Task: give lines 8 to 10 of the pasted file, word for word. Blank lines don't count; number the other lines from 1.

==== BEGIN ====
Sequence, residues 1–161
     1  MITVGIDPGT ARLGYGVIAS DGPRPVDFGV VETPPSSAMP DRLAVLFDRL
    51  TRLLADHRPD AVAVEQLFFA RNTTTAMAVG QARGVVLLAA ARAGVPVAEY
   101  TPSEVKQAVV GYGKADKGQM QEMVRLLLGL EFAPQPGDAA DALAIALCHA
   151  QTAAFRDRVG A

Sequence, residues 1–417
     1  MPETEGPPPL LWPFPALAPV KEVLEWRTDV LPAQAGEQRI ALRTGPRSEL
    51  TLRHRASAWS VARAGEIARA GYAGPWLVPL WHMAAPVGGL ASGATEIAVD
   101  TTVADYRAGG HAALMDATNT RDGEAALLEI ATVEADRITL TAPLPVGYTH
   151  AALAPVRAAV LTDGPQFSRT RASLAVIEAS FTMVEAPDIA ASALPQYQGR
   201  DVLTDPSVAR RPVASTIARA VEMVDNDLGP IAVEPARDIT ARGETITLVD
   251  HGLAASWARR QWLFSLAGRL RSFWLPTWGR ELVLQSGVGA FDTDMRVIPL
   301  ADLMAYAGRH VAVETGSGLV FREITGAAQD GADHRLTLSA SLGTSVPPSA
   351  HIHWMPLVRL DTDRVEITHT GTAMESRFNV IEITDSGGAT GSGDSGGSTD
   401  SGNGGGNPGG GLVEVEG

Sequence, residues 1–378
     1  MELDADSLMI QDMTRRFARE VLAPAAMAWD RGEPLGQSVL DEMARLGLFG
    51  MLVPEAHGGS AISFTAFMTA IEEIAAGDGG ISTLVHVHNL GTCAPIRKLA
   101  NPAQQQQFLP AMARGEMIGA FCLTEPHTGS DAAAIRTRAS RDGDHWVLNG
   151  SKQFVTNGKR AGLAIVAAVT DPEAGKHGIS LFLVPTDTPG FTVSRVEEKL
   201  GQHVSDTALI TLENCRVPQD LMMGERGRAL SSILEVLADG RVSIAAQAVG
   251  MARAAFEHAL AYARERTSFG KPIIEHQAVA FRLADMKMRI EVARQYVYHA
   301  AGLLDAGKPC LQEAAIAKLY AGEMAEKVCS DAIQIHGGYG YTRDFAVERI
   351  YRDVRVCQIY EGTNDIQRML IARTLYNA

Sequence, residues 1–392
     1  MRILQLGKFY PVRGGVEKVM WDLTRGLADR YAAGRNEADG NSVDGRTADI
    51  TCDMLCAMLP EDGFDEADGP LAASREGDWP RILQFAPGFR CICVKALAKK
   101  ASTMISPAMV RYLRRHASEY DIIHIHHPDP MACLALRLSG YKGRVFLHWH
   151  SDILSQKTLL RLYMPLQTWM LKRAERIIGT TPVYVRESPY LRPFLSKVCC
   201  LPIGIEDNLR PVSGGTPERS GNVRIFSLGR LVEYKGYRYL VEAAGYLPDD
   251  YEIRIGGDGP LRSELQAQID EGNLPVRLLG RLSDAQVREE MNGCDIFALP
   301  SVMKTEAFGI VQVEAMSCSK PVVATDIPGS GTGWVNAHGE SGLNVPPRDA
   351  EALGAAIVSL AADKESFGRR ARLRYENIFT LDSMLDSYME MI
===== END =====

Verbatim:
    51  TLRHRASAWS VARAGEIARA GYAGPWLVPL WHMAAPVGGL ASGATEIAVD
   101  TTVADYRAGG HAALMDATNT RDGEAALLEI ATVEADRITL TAPLPVGYTH
   151  AALAPVRAAV LTDGPQFSRT RASLAVIEAS FTMVEAPDIA ASALPQYQGR